Interviewing Customers About Budgeting


This is a recap of what I did in week 2 of my Better Budgets project. I didn’t get as many customer interviews done in week 2 as in week 1, but I still managed to do a few. A few trends are starting to emerge from these discussions.


The first thing I’ve noticed is that my friends are all really responsible with managing their household finances, but are very humble about it. Very often, the person I’m talking to will start out by saying that they really don’t do a very good job of keeping track of their budget, but then they describe several awesome ways that they manage to keep control over their spending. So, if my goal here was to dig deep into the real problems underlying why people don’t save more for retirement, I didn’t get very far.

Of course, even though these are close friends and relatives that I’m talking to, they might not actually be completely honest with me. Imagine that – people painting a rosy picture while reality is they might be covering up a huge pile of bad habits. It also might be that I start off the conversations in a way that leads them in that direction. Not being a seasoned market researcher, there may be a bit of each of these types of bias coloring the data.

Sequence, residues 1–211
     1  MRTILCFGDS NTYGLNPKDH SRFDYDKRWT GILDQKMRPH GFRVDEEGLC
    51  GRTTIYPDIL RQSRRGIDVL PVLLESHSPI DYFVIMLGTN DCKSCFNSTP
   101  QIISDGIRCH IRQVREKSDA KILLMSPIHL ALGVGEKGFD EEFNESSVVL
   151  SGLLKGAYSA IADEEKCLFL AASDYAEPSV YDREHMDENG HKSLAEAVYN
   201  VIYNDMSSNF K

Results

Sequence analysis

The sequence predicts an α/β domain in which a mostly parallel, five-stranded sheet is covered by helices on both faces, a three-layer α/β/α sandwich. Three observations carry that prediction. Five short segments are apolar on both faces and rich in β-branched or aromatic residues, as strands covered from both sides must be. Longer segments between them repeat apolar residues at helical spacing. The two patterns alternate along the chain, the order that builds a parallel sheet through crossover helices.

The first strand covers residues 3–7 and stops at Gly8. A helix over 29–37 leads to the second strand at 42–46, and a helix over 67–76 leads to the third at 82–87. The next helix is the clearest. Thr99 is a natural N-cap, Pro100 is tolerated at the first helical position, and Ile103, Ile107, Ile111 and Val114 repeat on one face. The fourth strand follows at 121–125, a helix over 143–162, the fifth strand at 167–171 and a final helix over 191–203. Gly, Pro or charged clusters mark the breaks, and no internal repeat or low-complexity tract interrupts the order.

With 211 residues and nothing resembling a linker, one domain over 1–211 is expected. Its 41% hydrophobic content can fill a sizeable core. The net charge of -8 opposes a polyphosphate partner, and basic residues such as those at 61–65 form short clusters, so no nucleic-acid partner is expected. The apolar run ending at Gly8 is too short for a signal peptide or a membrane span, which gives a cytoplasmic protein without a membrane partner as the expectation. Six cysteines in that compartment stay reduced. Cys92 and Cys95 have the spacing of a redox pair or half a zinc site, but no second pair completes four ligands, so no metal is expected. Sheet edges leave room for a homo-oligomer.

Another possibility is that people may have an impression that there is a “right” way to keep track of your household finances, which must involve putting lots of effort into tracking expenses on spreadsheets or Quickbooks, etc. Since they are doing these activities, they feel guilty about it and assume they aren’t very good at it.

Whatever the case is, I do feel like there were some valuable insights about positive behaviors. Maybe these can be incorporated into a solution of some sort:

  1. Automate your fixed expenses so that you can focus your attention on just the variable expenses.
  2. It’s not necessary to track your expenses continually. You just need to do it for a little while to get an idea of what your typical expenses are.
  3. Be careful with your big-ticket ongoing expenses like mortgage or rent, car payments and student debt.
  4. There is some desire for a solution that helps people know how much they can safely spend on a day-to-day basis.

I should do more interviews, but I’m pretty sure I’m not going to hit my target for the month of June. From a functional standpoint, one obstacle I keep running up against is that I only have certain times of day that are really optimal for me to do an interview but these don’t match up with the times that my prospective interviewees are available to talk. I hate to sound like I’m making excuses for not making more progress, but at this moment, I have a little baby girl whose needs must take first precedence over working on this project. I’m soldiering on, but the timetable will need to be adjusted for sure.

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